I envision a day when this site has many entries that having the ability to sort by country, or platform, would be very helpful for us.
One thing that will be included? Ads. Why? To pay for the site hosting (which isn’t much) and for my time. See, every site that gets submitted is proofread, and I take every screenshot myself. I’m not going to get rich from this site, and that’s not the goal at all. Ads will be for services or tools of interest to higher education marketers and web developers. No spam or flash/annoying ads.
Right now there is a single Google AdSense ad on each page, but they’re not terribly targeted. We’ll be reaching out to higher ed vendors and companies over the next few weeks, but if you want to get in early, please contact Mike.
What’s not included?
For as much as I’ve put into the site, there are things I’ve left out, including things that I don’t think really benefit a site like this.
The first: user comments. I’m all for open discussion, but I don’t see the value of nitpicking or downright slamming a site’s design or functionality. Since I don’t have time to moderate all the site’s comments, it’s easier to just leave them off. If you like a site, use the sharing tools and let people know. The same goes, I guess, if you dislike it.
Second, ratings. I don’t see what they add either. This isn’t Netflix and the site doesn’t recommend other sites based on what you’ve rated in the past, so I’m leaving them out.
Finally, awards. There are enough other awards out there.
My goals for the first few months are modest.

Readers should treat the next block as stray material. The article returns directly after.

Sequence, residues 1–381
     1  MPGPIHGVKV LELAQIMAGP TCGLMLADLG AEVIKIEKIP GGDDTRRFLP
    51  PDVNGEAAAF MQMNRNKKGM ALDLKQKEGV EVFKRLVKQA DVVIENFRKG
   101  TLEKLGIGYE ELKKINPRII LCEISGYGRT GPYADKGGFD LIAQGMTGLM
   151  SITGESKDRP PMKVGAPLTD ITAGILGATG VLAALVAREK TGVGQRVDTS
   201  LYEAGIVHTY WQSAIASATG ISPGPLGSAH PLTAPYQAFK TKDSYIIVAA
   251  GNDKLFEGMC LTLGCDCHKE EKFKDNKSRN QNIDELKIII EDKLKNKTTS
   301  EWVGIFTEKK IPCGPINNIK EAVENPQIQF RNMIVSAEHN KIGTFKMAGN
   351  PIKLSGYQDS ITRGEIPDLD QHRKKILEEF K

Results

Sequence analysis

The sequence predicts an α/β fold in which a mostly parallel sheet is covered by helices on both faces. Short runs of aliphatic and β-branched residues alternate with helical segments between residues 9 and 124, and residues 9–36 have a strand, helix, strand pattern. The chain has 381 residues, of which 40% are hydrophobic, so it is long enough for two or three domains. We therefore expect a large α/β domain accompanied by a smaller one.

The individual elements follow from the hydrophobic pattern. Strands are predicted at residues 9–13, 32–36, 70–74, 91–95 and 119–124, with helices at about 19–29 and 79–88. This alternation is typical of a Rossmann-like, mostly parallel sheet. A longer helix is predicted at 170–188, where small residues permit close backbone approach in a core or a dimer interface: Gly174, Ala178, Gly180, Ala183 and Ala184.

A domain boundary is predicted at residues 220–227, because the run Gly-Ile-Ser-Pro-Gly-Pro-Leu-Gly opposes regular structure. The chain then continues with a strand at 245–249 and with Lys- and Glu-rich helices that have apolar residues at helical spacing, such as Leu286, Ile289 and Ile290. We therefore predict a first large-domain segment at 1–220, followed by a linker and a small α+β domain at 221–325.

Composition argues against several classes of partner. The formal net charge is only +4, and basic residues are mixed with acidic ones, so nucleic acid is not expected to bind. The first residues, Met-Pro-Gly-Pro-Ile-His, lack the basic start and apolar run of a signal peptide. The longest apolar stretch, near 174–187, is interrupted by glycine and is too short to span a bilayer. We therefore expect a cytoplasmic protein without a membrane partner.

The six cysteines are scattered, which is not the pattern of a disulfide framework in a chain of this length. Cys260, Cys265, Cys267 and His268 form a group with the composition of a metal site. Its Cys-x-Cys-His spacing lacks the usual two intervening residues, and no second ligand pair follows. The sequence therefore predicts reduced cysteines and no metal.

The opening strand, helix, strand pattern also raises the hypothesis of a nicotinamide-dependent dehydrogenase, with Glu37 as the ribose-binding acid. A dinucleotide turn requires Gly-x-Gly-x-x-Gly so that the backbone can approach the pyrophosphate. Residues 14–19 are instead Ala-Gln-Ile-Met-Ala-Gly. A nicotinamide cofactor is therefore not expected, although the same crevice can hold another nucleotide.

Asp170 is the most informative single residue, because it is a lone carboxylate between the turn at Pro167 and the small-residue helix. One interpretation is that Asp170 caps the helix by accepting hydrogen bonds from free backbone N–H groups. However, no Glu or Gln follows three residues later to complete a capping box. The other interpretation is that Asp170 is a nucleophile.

- My goal is to get sites listed two business days after they are submitted.
- In the next three months, I’d like to have 1,000 unique site visits.
- In the next three months, I’d like to have 25 sites in the gallery.
- I’d like to book $100 of ads a month to cover expenses and hosting costs. Currently, the site lives on shared hosting but if it grows in popularity, I may have to move it to its own VPS. We’ll see.
I promise transparency on stats and will post Google Analytics data here.
Of course, you can follow us on Twitter. We’re at @GalleryEDU and here’s a button:
It’s set up to tweet out each time a new site is published. I hate the noise as much as you do, so I’m trying to only tweet when needed.
If you’d rather get a weekly email, I’ve set up a MailChimp list where you can get a weekly listing of sites added. That way, you can get to it when you have a few minutes. You can sign up for that right here.
Help Me Help Us!
I need your help. Please submit your sites. They don’t have to be launched in the last week. In fact, many of the sites in the gallery currently launched in 2013. In order for this to be a success, I’m asking for you to submit your sites, please.
Thank you so much in advance!
GalleryEDU is built with WordPress, and the theme is one I built from scratch using Zurb’s amazing Foundation framework. That means the site is nice and responsive, and will work and look great on any mobile device. It’s now hosted at HostGator.
Thanks for reading this, and I hope you’ll submit your sites.